Amazingly, Superman stops this execution of H'El saying that there is 'always another way' besides murder. If I praised this line in Smallville, I suppose I have to applaud it here.
Still, the short time of the gas has done some damage. H'El looks ravaged, like a decaying corpse.
And now the best moment in the book.
Superboy realizes that Zor-El's gravitational devices won't be enough to get Argo City safely out of the Krypton's blast radius and gravitational pull. On the last day, he tells Alura to find Kara and say goodbye (fulfilling the scene we saw in Supergirl #0). And then he uses the last of his powers to push Argo and Kara's rocket out of harm's way.
He gives a nice speech, summing up his troubled and varied history up to that point. But in the end he knows he isn't a living weapon (his tag line) but instead he is 'a kid who tried'.
Why couldn't this sentiment, this characterization, have been present in Superboy's own book? I won't go over Superboy's varied manifestations in the New 52 again. But this kid trying to make a difference while dealing with his past would have been a book I would want to read.
This is a very nice moment portrayed with big art.
So who does it all end?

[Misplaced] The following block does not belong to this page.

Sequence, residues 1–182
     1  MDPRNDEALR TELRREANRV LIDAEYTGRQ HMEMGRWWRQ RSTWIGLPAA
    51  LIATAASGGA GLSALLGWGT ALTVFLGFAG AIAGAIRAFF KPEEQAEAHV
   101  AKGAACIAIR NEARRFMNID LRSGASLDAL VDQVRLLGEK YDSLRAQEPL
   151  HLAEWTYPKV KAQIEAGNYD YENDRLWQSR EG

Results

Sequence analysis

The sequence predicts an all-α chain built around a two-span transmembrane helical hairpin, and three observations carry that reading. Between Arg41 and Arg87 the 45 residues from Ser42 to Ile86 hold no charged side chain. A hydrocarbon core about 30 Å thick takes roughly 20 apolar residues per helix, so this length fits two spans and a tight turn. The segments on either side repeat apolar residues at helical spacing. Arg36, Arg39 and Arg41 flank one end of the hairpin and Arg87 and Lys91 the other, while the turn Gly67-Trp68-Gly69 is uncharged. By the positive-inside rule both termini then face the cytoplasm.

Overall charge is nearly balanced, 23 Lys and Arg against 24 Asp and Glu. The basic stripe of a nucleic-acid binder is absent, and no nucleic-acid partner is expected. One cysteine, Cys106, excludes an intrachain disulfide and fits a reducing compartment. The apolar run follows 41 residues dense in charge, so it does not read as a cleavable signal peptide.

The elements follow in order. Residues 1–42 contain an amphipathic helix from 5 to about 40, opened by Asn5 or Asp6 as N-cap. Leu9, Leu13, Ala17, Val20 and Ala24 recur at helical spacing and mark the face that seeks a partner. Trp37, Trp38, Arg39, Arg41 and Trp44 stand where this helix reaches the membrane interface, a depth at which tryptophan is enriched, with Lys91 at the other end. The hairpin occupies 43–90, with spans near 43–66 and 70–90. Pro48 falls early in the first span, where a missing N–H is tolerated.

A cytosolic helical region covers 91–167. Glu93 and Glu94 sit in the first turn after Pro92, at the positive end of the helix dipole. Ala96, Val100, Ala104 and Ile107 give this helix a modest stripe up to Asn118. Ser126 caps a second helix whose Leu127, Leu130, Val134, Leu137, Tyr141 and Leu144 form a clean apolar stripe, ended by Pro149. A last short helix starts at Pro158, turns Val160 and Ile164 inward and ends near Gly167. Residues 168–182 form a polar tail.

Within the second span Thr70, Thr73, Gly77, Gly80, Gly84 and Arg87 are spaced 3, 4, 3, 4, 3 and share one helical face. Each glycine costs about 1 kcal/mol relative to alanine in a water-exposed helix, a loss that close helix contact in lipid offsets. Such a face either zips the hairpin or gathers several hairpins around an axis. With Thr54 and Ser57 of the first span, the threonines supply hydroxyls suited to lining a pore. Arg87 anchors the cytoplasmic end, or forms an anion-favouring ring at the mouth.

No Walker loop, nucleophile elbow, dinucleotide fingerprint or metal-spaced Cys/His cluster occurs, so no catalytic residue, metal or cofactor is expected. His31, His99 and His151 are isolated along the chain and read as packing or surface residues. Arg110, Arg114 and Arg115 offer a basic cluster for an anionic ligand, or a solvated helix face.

The old Jor-El has a shard of debris in his chest, I assume a killing blow given enough time.
I wish I could tell you. Superman realizes that he has to stop H'El from leaving and making another timeline, so he uses his super-breath, freezing the 'essence of H'El into a perpetual loop of freezing and thawing', trapping him.
If anyone can explain that to me, I'd love to hear it. I guess I have to roll with it. But this is the problem when you create a villain with ill-defined near omnipotent powers. You have to come up with something insane to defeat them.
The death of Krypton is months away. An older, wiser, but dying Jor-El is in the planet core. A younger Jor-El is on the surface building a rocket. Hmmm ...
Anyways, with H'El trapped, it is time for Superman to go. Kara suddenly appears with the boom tube. The two step in and hit the road.
We don't even see a goodbye from Superman to his dying old father in the core of the planet. Nothing. Just a walk through the boom tube. It is over far too fast, far too neatly, and with little explanation.
And no goodbye to Jor-El? Seems like a wasted opportunity.
At least the story ends on this nice moment. Realizing Superboy has died, Superman says they should honor his loss by being better heroes.
I might think between the moments of self-reflection and this capstone that Supergirl might actually turn around.
Except we know that in 3 months she puts on a Red Lantern ring.
What can I say, there are some nice moments in this issue but with a lot of fluff and craziness around it. I might be damning with faint praise but at least this was better than H'El on Earth. Still, I will be thrilled if we never see H'El again.
Alas, Lobdell puts in an odd last page leaving the door open for another story.
And so, mercifully, Krypton Returns ends. I don't know if I could explain what happened but it happened.